Warplanes: June 17, 2004


Cruise missiles are very popular weapons, even if they arent used all that much. Currently, some 70 nations have an inventory of some 75,000 cruise missiles. Only about a dozen nations have high tech cruise missiles, like the United States Tomahawk. Most cruise missiles out there are old Soviet models, which are basically elderly jet engines propelling a large explosive charge and directed by a primitive guidance system. But a dozen nations (Great Britain, United States, China, France, Germany, Israel, Italy, Japan, Norway, Russia, Sweden, and Taiwan) make and export cruise missiles.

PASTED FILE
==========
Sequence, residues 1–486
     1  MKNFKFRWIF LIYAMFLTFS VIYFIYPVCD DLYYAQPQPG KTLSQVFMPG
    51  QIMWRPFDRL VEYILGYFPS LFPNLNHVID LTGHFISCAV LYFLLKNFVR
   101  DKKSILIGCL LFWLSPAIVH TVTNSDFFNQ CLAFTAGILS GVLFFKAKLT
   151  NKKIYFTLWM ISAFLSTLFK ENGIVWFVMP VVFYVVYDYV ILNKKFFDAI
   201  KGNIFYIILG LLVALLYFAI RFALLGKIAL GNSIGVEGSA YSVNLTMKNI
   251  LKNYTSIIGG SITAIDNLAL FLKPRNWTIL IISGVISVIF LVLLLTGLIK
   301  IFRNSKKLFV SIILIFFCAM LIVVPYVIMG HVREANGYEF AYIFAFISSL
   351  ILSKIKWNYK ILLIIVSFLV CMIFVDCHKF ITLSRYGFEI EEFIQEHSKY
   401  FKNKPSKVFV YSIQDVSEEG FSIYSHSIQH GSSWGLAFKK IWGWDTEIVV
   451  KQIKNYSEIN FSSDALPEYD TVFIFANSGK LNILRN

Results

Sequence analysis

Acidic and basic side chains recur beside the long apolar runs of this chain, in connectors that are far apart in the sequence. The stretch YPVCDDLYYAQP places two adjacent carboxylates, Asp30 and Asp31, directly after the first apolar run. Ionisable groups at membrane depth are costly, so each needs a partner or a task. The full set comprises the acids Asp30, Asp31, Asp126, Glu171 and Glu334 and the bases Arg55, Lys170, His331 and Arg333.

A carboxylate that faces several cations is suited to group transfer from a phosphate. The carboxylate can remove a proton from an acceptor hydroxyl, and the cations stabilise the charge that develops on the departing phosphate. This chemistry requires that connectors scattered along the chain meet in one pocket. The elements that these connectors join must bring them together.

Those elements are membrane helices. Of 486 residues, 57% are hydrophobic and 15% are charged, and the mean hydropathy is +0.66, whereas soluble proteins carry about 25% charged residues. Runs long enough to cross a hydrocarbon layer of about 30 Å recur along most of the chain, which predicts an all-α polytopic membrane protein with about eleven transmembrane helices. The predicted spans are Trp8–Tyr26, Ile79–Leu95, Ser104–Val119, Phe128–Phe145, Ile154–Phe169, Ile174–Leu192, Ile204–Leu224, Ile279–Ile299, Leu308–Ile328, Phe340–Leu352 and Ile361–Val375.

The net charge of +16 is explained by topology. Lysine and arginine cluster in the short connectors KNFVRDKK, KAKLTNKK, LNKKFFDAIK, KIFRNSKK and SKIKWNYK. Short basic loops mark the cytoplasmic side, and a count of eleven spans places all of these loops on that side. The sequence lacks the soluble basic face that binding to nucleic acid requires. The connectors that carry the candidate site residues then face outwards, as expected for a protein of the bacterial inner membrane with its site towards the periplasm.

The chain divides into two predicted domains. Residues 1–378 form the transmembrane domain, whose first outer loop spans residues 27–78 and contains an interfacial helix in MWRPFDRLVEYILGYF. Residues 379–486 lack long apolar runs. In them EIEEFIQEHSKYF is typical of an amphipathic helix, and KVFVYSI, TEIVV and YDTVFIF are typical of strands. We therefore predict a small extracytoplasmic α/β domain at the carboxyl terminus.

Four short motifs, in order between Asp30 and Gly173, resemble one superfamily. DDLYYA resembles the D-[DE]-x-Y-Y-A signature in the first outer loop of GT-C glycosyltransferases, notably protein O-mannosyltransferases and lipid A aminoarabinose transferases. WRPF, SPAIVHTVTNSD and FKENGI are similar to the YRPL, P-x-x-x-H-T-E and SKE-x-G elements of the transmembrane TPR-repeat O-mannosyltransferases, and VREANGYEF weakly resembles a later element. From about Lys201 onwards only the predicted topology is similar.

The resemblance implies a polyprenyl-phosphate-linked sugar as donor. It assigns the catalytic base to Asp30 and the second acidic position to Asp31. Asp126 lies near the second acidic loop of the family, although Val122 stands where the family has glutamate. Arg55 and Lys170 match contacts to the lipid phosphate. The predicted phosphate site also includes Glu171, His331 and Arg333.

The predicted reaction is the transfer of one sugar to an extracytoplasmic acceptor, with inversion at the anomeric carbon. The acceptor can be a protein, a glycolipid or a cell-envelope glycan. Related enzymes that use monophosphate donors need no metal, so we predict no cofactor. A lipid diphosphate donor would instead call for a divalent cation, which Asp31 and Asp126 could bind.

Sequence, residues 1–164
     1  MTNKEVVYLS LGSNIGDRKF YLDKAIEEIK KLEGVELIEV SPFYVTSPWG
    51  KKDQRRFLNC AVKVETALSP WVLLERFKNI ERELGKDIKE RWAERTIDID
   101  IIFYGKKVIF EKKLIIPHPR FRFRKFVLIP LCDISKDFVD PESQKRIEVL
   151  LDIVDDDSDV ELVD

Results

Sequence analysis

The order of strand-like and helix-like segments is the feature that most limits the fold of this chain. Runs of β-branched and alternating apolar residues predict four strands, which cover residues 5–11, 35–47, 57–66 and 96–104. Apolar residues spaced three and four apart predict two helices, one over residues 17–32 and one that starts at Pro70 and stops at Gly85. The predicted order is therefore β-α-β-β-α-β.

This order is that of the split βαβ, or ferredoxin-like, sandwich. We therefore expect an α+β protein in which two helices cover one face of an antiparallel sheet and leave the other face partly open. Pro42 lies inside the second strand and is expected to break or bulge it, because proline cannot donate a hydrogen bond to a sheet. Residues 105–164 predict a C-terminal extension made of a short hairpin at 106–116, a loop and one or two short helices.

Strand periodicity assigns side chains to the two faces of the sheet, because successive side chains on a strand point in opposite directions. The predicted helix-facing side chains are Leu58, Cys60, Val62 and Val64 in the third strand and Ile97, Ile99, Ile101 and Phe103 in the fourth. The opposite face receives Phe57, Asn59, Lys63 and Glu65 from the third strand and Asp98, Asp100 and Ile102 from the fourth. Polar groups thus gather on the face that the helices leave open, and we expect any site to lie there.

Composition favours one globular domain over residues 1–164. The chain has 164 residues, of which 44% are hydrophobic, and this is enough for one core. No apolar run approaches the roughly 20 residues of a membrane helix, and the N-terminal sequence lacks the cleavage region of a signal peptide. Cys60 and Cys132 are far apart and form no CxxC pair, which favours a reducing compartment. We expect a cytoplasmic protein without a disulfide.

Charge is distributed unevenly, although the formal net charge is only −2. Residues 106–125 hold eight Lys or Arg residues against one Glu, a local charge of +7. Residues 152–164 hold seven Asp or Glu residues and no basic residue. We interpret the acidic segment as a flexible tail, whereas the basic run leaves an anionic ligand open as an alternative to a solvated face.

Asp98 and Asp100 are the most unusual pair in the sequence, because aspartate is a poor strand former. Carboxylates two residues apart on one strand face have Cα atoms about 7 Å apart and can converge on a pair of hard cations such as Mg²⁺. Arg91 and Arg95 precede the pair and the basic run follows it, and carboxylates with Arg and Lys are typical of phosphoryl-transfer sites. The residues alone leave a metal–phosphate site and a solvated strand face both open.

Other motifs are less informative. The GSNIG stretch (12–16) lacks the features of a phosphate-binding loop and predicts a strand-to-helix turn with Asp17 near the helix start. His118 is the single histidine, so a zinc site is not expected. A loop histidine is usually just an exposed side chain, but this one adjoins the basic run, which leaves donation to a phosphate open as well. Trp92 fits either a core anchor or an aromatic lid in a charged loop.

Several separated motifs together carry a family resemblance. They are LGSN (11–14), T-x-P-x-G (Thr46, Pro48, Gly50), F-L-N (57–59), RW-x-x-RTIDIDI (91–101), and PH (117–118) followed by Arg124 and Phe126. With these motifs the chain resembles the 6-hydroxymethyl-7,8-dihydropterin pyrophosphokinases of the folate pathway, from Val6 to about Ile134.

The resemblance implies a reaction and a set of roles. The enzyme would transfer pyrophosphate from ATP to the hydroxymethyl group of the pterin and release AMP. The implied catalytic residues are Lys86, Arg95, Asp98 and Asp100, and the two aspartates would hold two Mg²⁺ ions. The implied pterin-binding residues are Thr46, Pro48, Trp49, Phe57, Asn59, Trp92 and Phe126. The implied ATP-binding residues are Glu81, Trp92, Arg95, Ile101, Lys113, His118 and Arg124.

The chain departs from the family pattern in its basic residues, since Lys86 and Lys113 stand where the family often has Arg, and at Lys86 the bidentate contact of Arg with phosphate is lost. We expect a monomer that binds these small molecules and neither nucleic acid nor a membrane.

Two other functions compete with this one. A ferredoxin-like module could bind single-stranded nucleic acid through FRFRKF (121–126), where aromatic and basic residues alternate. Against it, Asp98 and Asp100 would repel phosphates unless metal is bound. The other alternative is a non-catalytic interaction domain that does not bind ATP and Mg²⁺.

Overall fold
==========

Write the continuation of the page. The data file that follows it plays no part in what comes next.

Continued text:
The most common cruise missile in service is the original one, and variants of it. The Russians put the SS-N-2 Styx missile into service in the late 1950. The current version weighs three tons, has a range of about 400 kilometers and carries a half ton warhead. Chine is still building this missile as the Silkworm or Seersucker. Iran, Egypt and North Korea still produce it. Cruise missiles can be built with cheap, easily available components. Modern navigation technology, especially GPS, makes such missiles accurate against stationary targets. Cruise missiles fly low and slow, making them hard to spot. As recently as the 2003 invasion of Iraq, cruise missiles were used against coalition forces. The Iraqi missiles did little damage, but they did prove hard to spot. In some future war, a lot more of them will probably be used. Most nations cannot afford the elaborate ground based and airborne radar systems needed to spot all these low, slow, and cheap cruise missiles. Western nations, appalled at the low cost and high reliability of new UAV designs, recognize how easily the UAV designs could be turned into cruise missiles. So, despite their low tech, and low cost nature, cruise missiles will continue to be formidable weapons for some time to come.


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